Originally published by 2 Minute Medicine® (view original article). Reused on AccessMedicine with permission.

1. In this randomized controlled trial, in patients with treatment-resistant depression esketamine nasal spray as augmentation therapy was associated with higher rates of remission as compared to extended-release quetiapine.

2. Once remission was achieved, esketamine nasal spray was associated with lower risks of relapse at 32 weeks compared to extended-release quetiapine.

Evidence Rating Level: 1 (Excellent)

Study Rundown:

Treatment-resistant depression impacts approximately one-third of all patients with diagnosed major depressive disorder, and has implications for increased risk of hospitalization episodes and mortality. Within Europe, esketamine nasal spray is amongst the only treatments approved for treatment-resistant depression when used concurrently with a selective serotonin reuptake inhibitor (SSRI) or a serotonin-norepinephrine reuptake inhibitor (SNRI). However, evidence in support of its efficacy when compared directly against extended-release quetiapine is currently limited. This was a randomized controlled trial comparing the efficacy of esketamine nasal spray against extended-release quetiapine when used as an adjunct agent to an SSRI or SNRI. Results of the study found that esketamine nasal spray demonstrated a significantly higher rate of remission at eight weeks compared to extended-release quetiapine, and was associated with a lower risk of relapse 32 weeks after remission. The results of this study may be influenced by the open-label design, and have limited generalizability in the ‘real world’ given its specific comparator group of extended-release quetiapine. In summary, this study provided strong evidence in support of the use of esketamine nasal spray as an augmentation therapy to SSRI or SNRI amongst patients with treatment-resistant depression.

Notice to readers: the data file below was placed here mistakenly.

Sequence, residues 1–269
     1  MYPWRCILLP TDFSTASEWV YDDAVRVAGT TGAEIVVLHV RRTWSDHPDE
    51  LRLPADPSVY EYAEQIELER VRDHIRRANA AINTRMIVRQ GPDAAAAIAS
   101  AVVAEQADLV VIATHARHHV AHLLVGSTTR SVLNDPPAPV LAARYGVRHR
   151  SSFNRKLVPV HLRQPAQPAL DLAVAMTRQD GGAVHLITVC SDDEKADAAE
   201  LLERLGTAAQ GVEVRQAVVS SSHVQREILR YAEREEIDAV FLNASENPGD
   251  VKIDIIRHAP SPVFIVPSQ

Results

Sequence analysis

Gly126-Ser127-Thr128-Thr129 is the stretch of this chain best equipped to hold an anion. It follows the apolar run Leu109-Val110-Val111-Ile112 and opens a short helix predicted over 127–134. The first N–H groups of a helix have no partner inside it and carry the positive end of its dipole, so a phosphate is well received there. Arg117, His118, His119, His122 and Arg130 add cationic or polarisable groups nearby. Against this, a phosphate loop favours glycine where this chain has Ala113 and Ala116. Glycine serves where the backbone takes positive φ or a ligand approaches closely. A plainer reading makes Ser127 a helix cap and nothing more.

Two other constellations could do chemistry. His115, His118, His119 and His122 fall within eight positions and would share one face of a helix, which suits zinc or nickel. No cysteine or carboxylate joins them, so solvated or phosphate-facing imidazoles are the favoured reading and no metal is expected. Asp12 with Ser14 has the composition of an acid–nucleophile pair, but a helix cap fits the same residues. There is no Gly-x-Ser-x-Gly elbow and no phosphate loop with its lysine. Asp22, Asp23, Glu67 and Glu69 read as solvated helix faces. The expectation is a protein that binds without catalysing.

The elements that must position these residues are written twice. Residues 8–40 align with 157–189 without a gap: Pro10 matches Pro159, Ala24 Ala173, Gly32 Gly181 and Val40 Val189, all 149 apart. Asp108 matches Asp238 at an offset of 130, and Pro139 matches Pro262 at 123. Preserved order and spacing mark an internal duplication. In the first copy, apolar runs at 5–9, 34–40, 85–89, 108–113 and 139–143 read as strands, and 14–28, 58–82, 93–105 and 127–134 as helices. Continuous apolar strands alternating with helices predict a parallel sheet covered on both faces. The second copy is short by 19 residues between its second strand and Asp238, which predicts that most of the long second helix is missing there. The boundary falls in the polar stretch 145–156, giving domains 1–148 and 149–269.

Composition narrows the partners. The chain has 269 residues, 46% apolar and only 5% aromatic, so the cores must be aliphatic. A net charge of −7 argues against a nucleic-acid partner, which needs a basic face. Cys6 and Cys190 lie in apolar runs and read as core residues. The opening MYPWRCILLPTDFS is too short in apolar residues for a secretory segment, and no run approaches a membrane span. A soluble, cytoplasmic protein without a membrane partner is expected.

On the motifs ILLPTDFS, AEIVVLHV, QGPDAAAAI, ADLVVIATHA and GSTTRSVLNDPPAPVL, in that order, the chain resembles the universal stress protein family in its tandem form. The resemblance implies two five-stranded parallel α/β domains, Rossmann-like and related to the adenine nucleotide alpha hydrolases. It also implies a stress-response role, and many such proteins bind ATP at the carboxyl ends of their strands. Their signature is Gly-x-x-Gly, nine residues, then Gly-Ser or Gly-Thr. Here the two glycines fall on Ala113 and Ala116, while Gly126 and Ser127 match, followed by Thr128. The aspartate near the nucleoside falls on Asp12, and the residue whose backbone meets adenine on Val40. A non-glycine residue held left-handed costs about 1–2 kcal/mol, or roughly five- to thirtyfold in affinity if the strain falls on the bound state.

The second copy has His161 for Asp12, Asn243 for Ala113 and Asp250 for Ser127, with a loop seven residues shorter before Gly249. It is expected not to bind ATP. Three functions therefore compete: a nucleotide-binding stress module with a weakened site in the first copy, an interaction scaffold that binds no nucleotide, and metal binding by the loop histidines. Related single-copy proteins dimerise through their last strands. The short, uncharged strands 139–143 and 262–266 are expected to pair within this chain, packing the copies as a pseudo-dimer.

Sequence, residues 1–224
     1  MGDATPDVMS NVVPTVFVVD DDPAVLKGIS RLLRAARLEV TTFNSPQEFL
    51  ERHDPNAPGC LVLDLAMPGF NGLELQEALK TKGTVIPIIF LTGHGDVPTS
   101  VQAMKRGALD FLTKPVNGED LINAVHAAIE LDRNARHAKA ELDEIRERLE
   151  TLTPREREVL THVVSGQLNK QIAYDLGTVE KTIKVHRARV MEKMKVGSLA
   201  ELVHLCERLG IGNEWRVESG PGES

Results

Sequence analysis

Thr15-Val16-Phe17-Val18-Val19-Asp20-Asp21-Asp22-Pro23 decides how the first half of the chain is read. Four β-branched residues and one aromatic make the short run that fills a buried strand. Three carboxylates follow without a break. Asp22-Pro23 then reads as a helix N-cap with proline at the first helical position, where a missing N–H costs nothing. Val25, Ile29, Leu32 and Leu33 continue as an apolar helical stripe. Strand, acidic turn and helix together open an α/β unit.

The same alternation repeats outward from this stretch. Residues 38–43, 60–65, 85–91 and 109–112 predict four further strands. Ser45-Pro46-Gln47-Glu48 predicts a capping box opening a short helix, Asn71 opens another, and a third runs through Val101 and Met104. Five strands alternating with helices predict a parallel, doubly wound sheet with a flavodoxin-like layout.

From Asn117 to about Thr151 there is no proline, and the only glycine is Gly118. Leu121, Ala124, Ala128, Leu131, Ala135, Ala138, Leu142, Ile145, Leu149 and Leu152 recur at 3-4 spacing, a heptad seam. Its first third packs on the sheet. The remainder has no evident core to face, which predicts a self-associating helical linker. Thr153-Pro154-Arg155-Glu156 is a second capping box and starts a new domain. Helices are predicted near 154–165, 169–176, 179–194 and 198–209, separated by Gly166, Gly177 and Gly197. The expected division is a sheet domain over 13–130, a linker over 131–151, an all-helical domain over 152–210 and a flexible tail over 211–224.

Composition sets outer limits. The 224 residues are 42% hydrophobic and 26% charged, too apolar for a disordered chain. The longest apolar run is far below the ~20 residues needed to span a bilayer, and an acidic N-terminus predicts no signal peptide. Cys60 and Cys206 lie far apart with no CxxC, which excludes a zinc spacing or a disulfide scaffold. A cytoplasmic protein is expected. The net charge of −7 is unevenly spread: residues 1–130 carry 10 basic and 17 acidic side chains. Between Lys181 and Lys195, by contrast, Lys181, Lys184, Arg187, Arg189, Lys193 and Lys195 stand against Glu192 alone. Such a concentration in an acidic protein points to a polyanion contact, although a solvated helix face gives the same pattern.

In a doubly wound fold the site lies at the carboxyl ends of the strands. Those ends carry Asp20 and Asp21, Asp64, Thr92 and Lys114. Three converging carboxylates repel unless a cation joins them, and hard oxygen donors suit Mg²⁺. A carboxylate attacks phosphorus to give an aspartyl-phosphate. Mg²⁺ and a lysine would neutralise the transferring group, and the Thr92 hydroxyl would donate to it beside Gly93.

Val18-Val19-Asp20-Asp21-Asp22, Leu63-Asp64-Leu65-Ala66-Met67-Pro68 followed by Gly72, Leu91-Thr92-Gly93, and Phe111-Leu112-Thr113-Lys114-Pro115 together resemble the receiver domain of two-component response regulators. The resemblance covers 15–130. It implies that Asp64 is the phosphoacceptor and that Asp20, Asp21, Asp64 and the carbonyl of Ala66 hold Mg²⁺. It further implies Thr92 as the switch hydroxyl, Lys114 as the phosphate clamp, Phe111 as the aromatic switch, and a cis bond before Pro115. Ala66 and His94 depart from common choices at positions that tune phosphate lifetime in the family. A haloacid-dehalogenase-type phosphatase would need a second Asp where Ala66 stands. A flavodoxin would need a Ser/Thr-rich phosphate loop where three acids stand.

In-Depth [randomized controlled trial]:

This was a single-blind randomized controlled trial investigating the efficacy and safety profile of esketamine nasal spray against extended-release quetiapine as a form of augmentation therapy alongside an SSRI or SNRI for patients with treatment-resistant depression. The primary outcome of interest was remission of depression as measured on the Montgomery-Asberg Depression Rating Scale after eight weeks. Adults with treatment-resistant depression, defined as meeting the Diagnostic and Statistical Manual of Mental Disorders criteria and who had received at least two consecutive treatments within the current episode from different medication classes, who scored 34 or above on the Inventory of Depressive Symptomatology-Clinician-Related scale were included. Overall, 676 participants were randomly assigned in a 1:1 ratio to receive esketamine as an augmentation (n=366), or quetiapine (n=340). Results of the primary analysis found that in comparison to quetiapine, participants receiving esketamine demonstrated a significantly higher rate of remission at week eight (p=0.003) and a significantly lower percentage of relapse at 32 weeks. There were no significant differences in the adverse events profile of esketamine and quetiapine compared to what has previously been established. Overall, this study provided strong evidence for the potential benefit of esketamine nasal spray for patients with treatment-resistant depression when used as an augmentation therapy to SSRIs or SNRIs.

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